Nature (2013)

DNA is the carrier of life's genetic code and the field of DNA nanotechnology — making clever use of artificial nucleic acids — is booming. In particular, the well-defined nucleobase pairing rules, which govern the structure of double-stranded DNA, provide molecular-recognition opportunities that are being increasingly exploited for the self-assembly of nanoparticles.

Evelyn Auyeung and colleagues now report an experiment in which they attached pieces of DNA to gold nanoparticles, and then heated a solution of these DNA-functionalized nanoparticles to slightly above the assembly's melting temperature before allowing it to cool down slowly — a process taking two or three days to complete. What emerged from the solution were micrometre-sized crystals in the form of rhombic dodecahedra (the 12 faces of which are congruent rhombi).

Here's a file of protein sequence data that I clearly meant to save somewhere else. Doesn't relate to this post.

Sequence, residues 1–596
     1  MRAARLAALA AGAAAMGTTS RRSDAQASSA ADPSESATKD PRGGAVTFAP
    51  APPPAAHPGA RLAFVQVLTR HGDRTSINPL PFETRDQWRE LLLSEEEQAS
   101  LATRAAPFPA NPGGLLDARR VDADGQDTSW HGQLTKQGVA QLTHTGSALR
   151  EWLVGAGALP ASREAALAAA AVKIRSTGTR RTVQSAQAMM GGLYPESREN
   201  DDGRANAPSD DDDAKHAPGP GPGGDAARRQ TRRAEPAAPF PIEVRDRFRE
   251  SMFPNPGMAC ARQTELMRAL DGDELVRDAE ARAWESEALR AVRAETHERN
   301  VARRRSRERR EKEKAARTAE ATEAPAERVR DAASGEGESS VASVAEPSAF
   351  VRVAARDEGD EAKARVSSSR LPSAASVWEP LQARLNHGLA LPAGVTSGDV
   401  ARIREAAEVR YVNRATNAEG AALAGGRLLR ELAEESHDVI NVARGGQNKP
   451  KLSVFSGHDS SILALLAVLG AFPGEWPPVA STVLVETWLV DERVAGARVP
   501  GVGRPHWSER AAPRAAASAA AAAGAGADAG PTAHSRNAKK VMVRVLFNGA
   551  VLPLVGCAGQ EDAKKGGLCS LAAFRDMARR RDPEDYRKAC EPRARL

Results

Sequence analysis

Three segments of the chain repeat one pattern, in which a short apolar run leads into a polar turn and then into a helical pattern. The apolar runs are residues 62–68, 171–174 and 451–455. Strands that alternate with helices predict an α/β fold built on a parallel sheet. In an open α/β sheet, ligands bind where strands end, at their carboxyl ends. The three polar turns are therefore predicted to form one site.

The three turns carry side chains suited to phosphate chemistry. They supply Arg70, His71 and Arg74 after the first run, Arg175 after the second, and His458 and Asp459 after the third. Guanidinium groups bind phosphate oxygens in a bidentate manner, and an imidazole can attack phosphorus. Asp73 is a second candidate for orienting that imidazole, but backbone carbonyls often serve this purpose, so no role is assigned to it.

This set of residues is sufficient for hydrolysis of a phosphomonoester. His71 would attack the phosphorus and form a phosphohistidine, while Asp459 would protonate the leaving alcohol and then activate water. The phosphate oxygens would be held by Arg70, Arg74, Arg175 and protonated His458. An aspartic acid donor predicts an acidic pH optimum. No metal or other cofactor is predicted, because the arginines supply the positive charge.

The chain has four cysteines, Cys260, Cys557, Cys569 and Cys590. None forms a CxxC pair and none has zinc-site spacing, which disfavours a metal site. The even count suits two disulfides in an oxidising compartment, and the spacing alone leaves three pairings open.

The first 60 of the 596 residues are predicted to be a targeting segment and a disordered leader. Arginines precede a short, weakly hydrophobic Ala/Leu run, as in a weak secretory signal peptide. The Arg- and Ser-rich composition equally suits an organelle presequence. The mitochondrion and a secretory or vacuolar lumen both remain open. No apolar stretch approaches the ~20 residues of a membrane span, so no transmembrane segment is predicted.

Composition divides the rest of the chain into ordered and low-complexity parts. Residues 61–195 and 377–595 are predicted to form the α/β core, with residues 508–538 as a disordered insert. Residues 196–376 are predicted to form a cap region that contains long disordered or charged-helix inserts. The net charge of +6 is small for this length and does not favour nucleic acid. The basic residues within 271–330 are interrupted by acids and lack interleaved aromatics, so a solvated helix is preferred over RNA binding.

The shape of crystallite for which the surface energy is a minimum is called a Wulff polyhedron, and for a body-centred cubic lattice (the type of lattice formed by the gold nanoparticles) the Wulff polyhedron is expected to be a rhombic dodecahedron — exactly as Auyeung and colleagues saw. For many other systems, the predicted Wulff polyhedron does not actually form — hence these experiments clearly underline the power of DNA as a mediator in the fabrication of high-quality 3D nanoparticle crystals.